You don't have to leave your neighborhood to live in a better one | Majora Carter - Transcripts

September 21, 2022

  • Favorite
  • Share
You don't have to leave your neighborhood to live in a better one | Majora Carter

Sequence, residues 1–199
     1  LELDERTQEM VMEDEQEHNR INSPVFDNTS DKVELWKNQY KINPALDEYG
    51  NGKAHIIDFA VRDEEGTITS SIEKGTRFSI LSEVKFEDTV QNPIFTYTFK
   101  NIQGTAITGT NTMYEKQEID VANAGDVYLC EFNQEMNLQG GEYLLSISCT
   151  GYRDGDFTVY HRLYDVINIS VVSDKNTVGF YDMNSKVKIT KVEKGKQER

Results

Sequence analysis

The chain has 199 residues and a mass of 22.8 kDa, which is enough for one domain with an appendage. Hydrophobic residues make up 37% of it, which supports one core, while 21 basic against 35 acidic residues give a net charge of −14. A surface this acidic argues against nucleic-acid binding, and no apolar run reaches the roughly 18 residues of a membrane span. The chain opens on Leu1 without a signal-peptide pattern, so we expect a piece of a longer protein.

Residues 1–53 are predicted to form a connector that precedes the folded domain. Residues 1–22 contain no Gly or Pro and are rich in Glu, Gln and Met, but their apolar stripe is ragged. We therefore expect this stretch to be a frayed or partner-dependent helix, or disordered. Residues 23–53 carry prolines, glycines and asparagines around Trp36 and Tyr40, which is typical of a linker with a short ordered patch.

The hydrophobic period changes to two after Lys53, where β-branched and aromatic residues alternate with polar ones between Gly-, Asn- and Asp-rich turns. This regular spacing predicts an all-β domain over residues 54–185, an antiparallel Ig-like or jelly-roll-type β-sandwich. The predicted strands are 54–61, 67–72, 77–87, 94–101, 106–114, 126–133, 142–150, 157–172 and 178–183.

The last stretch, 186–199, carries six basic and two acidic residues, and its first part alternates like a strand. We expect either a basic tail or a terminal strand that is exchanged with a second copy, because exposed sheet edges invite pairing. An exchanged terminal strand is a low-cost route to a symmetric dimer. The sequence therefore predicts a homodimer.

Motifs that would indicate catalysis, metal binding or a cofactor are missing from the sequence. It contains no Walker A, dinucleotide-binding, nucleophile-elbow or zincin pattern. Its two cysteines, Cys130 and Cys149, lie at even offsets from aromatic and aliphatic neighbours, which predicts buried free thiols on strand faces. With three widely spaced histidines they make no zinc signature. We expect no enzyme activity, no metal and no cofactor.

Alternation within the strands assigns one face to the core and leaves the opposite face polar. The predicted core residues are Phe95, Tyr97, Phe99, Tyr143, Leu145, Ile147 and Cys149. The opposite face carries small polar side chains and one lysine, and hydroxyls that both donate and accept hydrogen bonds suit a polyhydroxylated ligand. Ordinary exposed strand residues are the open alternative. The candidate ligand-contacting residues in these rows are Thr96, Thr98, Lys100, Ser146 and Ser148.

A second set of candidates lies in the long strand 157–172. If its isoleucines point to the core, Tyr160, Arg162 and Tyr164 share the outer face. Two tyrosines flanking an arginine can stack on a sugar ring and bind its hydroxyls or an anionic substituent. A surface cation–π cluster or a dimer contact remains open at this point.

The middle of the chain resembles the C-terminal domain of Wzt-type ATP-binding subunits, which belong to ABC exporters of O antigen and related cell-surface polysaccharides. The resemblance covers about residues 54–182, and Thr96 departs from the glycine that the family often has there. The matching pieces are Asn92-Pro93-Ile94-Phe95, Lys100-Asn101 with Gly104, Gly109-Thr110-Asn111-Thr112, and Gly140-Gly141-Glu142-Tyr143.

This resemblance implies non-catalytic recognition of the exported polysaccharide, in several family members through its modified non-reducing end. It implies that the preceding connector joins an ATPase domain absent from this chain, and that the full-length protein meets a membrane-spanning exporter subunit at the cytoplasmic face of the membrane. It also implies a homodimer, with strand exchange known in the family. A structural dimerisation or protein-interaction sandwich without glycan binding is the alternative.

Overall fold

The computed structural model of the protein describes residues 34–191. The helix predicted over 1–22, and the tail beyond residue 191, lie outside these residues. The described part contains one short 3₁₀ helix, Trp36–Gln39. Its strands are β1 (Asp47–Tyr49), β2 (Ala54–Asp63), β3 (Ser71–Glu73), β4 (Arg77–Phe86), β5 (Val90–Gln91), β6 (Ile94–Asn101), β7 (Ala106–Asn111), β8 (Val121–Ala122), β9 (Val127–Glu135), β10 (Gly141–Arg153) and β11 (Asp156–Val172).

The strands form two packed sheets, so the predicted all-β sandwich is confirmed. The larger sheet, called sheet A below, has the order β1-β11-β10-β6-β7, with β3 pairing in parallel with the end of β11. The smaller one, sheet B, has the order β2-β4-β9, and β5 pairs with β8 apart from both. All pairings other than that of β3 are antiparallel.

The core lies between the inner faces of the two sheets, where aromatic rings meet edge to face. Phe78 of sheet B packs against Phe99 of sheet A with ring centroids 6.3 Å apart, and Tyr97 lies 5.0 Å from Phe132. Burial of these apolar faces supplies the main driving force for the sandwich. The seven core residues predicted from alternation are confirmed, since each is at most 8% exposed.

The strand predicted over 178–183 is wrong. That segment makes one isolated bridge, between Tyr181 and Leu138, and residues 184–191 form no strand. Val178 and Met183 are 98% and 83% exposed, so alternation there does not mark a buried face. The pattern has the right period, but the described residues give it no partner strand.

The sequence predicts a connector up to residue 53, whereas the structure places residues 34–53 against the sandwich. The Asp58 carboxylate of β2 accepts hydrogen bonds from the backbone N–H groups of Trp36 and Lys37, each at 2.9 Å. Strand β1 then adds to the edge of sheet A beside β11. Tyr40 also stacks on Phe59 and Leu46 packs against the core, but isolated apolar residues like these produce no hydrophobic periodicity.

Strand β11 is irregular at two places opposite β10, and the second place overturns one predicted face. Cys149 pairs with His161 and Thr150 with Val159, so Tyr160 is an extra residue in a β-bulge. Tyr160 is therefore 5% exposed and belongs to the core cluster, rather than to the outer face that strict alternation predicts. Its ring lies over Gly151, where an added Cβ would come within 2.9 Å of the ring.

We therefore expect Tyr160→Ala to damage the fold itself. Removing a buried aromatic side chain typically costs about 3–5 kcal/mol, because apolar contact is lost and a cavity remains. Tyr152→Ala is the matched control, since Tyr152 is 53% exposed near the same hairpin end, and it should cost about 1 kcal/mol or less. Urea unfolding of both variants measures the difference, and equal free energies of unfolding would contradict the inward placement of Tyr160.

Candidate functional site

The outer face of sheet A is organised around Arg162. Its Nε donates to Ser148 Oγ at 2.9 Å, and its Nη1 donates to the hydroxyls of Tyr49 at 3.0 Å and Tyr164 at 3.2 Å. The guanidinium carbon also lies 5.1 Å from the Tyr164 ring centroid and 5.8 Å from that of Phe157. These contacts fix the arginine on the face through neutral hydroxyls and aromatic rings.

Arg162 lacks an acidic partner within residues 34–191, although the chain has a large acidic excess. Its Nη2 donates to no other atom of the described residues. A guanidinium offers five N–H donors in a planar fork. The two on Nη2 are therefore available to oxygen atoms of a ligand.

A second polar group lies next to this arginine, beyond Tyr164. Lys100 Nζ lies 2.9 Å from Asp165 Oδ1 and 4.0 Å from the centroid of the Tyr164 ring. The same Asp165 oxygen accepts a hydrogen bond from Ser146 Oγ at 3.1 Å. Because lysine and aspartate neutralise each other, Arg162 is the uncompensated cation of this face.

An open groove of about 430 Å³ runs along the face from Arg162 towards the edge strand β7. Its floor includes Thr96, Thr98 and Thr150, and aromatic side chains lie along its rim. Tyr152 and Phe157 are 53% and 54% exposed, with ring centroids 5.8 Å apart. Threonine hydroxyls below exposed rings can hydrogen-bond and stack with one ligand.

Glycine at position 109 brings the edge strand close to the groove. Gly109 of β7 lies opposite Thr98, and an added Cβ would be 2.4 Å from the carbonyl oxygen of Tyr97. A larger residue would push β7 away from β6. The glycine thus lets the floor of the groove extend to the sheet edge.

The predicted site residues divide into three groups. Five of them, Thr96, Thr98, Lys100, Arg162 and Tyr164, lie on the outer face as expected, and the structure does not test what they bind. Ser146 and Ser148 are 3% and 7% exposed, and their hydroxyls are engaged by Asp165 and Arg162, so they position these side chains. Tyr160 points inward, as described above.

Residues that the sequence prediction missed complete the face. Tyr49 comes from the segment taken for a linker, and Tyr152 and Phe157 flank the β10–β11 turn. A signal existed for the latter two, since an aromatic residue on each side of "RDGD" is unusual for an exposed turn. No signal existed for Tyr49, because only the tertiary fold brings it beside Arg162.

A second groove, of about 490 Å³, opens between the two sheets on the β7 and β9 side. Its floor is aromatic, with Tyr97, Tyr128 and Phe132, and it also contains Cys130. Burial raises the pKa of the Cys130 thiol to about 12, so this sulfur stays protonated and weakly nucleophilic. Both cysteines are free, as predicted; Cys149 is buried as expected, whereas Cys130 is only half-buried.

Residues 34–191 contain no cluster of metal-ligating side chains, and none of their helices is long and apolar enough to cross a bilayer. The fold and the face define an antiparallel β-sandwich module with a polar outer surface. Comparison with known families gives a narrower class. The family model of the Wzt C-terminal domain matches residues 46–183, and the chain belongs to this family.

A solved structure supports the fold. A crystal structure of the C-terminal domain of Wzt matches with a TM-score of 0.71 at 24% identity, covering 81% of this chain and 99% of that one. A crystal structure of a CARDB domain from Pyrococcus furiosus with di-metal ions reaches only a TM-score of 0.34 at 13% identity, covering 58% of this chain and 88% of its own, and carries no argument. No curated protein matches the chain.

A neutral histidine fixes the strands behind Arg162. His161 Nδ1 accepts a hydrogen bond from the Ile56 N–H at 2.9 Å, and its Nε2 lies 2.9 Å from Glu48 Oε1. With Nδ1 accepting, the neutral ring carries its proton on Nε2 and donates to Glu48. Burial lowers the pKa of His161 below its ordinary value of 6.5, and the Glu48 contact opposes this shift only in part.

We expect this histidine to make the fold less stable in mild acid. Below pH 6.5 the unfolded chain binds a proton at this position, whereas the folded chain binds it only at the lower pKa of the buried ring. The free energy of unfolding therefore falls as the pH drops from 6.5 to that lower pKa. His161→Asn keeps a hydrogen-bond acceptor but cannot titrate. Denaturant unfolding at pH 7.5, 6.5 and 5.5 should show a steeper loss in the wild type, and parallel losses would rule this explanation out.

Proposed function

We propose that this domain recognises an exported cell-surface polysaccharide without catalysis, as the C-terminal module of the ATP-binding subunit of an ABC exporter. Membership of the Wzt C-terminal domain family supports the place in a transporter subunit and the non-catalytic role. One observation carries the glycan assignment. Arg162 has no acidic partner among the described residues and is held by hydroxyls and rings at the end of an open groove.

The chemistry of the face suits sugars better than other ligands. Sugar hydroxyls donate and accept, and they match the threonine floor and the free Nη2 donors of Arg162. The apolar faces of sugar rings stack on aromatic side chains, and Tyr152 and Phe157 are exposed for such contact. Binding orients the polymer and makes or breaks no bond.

you're listening to Ted talks daily I'm Elise you urban revitalize our majora Carter wants us to rethink poverty and economic development by putting community at the center in her talk from ten twenty twenty two she shares her work in retaining the talent in her neighborhood in the same way companies fight to keep their best people and stick around after the talk for a conversation between majora and me about how to best put ideas into action all that after a quick break I am Steven Johnson host of the Ted interview podcast on this show we talked to some of the world's most interesting people to dig into the provocative and powerful ideas of our time on the latest episode imagination gaming and predicting the future with chain mechanical every art form has its own unique mediums so sculptor's work with clay and fashion designers work with fabrics uterus work with clues to the future to stretch our imagination check out the ten interview on apple podcasts Spotify or wherever you listen the farmer Ted talks daily comes from Atlassian how teams work is just as important as what they create and the entire concept of collaboration team work and how to get things done is evolving meet us at the forefront of this shift at our newest event Atlassian presents work life join an innovative group of business teams from fortune five hundred companies and collaboration experts from Atlassian learn how to manage all aspects of modern work from best practices new workflows team culture technology and more challenge conventional thinking and learn my teams that work differently together make history see you at Atlassian presents the work life at San Francisco's chase center on September twenty ninth or attend digital register now at WWW dot Atlassian dot com slash work life Ted talks daily is brought to you by progressive have you tried the name your price tool yet that works just the way it sounds you tell progressive how much you want to pay for car insurance and they'll show you coverage options that fit your budget it's easy to start a quote and you'll be able to find a rate that works for you it's just one of the many ways you can save with progressive get your quote today at progressive dot com and see why four out of five new auto customers recommend progressive progressive casualty insurance company affiliates pricing coverage match limited by state law